Delicate, fragile, contemplative: this is the modus operandi of Craftivist Collective.
By BEL JACOBS
This September, during London Fashion Week, high street shoppers may have been surprised to find tiny handwritten notes in the pockets of their new purchases. Each note, tied with a ribbon, contained questions and phrases about the hidden realities of fashion. They included thoughts such as ‘Our clothes can never be truly beautiful if they hide the ugliness of worker exploitation” and “If we are what we wear, shouldn’t we try to make sure our clothes are made by garment workers who get paid well?”
Delicate, fragile, contemplative: this is the modus operandi of Craftivist Collective, a group of “gentle activists” that protests against injustices in a quiet, non-confrontational manner involving pretty, handcrafted gestures of defiance. Now, founder Sarah Corbett pulls together the threads of her philosophy in a new book, “How to be a Craftivist: the art of gentle protest”, in which personal stories – moments of epiphany as well as the human interactions that have guided her way – are interwoven with practical theories of gentle activism.
The Collective has produced consistently moving, imaginative campaigns; actions that amaze and amuse in equal measure, but where the amazement and amusement is underpinned by an urge to question some of society’s deepest inequities.
To support The Climate Coalition’s “For The Love Of Climate” campaign in the run up to COP21 in 2015, the Collective created green felt hearts, to be worn on sleeves and lapels, decorated with whatever motifs stitchers loved most, from bugs to teddy bears.
In another project, in a workshop at the V&A around Refugee Week, Corbett asked attendees to stitch their own luggage tags, using them to reflect on what home meant to them and what refugees might be going through when they lose theirs.
Corbett’s unique approach to changing the world was honed after years working as professional campaigner for NGOs including Christian Aid and Oxfam, and the Department for International Development (DFID). Until she almost burn out.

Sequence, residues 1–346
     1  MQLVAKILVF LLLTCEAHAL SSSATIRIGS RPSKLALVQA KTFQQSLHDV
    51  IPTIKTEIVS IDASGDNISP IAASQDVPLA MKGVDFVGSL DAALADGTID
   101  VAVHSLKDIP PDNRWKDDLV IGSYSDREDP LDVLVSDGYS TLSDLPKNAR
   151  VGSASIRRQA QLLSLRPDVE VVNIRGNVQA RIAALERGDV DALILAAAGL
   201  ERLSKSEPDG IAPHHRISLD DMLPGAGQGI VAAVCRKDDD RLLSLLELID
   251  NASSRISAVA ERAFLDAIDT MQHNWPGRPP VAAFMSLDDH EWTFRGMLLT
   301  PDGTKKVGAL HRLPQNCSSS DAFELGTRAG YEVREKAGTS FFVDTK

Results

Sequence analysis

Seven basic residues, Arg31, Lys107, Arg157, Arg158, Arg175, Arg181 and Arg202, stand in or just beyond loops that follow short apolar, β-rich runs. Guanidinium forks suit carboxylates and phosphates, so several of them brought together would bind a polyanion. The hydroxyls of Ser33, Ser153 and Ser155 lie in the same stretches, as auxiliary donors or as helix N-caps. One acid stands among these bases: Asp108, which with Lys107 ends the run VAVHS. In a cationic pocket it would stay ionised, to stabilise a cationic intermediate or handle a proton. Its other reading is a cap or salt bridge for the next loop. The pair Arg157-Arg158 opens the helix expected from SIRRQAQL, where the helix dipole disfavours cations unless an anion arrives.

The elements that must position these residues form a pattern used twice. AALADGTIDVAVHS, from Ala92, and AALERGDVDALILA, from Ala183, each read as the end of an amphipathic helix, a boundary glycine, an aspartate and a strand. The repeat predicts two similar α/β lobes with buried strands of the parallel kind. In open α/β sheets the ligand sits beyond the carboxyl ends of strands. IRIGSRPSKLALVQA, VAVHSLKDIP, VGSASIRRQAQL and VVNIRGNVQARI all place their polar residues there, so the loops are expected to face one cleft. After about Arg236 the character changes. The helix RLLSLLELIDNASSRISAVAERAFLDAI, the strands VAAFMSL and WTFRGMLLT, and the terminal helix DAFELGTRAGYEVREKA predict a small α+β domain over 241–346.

“We’d slipped into just getting people to sign petitions. You’d win awards on petitions,” she recalls, during a talk at the Art Workers Guild earlier this month. “i was treating people like robots and, at the same time, I was thinking, we could do this so much better.”
The Collective was born, quite accidentally, with a cross stitch kit on a long train journey. ’And immediately, it slowed me down. It forced me to notice me to notice how tight my body was, how shallow my breathing.”
“And with that comfort, I could ask myself, am I being effective? Am I teaching people to be good activists? It gave me a way of grappling with issues that were disturbing me.”
That contemplative quality is key to all Corbett’s work. The Collective sells little sewing kits (all ethically made in the UK) on its website. Each comes complete with materials – threads and needles, tiny pieces of reclaimed cotton or felt made from recycled polyester, instructions and, almost most importantly, a list of questions for you to reflect upon as you sew.
The power of the community: one of the Collective’s key themes.
Similarly, the book is about far more than finding the perfect stitch for your banner. Corbett writes about the power of beauty; about the tender efficacy of using natural motifs or your own handwriting – and about how the pretty imperfections embedded in the art of crafting make it more approachable.
She explores the art of enabling collaboration rather than confrontation, about asking questions rather than telling people what to do and about the power of gifting. “A lot of activism is trying to take power away,” she says. “Making a gift can be very humble.”
Corbett’s fine mind introduces the novice to the freedom and possibility of creative thought, placed at the service of higher aims. Why just write a board member a letter when you can stitch her a gentle note, in your own handwriting, decorated with motifs you know she’d like?
Ask questions rather than tell people what to do.
Finally, Corbett writes about the importance of taking care of yourself because, sometimes, as she will knows, caring about the planet, its people and its animals can leave you in despair. Corbett celebrates the almost mandala-like quality of craft to help you through it.
“Most of the time, you don’t get a quick win,” Corbett says of campaigning. “Activism is the long haul. Craft is good for self care.”
In the end, How to be a Craftivist is a “manifesto, for a more respectful activism, for conversation where too often there is division and conflict, for using craft to engage, employer and encourage us all to be the change we wish to see in the world.”
Sign us up.